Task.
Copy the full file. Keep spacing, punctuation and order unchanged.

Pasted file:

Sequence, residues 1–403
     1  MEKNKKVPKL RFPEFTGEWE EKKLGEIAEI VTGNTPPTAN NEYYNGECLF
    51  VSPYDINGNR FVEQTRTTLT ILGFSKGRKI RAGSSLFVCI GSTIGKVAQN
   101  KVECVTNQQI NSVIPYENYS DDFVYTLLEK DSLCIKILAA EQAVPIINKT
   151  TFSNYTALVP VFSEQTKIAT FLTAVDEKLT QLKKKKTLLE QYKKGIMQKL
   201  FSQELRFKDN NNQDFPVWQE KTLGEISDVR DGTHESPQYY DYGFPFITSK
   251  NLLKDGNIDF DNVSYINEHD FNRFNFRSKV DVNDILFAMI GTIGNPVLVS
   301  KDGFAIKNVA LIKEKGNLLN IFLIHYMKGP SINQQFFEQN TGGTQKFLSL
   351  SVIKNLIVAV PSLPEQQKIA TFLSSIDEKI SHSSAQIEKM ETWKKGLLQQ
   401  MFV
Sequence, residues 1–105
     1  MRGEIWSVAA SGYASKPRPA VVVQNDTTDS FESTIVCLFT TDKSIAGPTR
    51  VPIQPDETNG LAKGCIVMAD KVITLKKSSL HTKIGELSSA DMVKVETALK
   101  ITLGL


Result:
Sequence, residues 1–403
     1  MEKNKKVPKL RFPEFTGEWE EKKLGEIAEI VTGNTPPTAN NEYYNGECLF
    51  VSPYDINGNR FVEQTRTTLT ILGFSKGRKI RAGSSLFVCI GSTIGKVAQN
   101  KVECVTNQQI NSVIPYENYS DDFVYTLLEK DSLCIKILAA EQAVPIINKT
   151  TFSNYTALVP VFSEQTKIAT FLTAVDEKLT QLKKKKTLLE QYKKGIMQKL
   201  FSQELRFKDN NNQDFPVWQE KTLGEISDVR DGTHESPQYY DYGFPFITSK
   251  NLLKDGNIDF DNVSYINEHD FNRFNFRSKV DVNDILFAMI GTIGNPVLVS
   301  KDGFAIKNVA LIKEKGNLLN IFLIHYMKGP SINQQFFEQN TGGTQKFLSL
   351  SVIKNLIVAV PSLPEQQKIA TFLSSIDEKI SHSSAQIEKM ETWKKGLLQQ
   401  MFV
Sequence, residues 1–105
     1  MRGEIWSVAA SGYASKPRPA VVVQNDTTDS FESTIVCLFT TDKSIAGPTR
    51  VPIQPDETNG LAKGCIVMAD KVITLKKSSL HTKIGELSSA DMVKVETALK
   101  ITLGL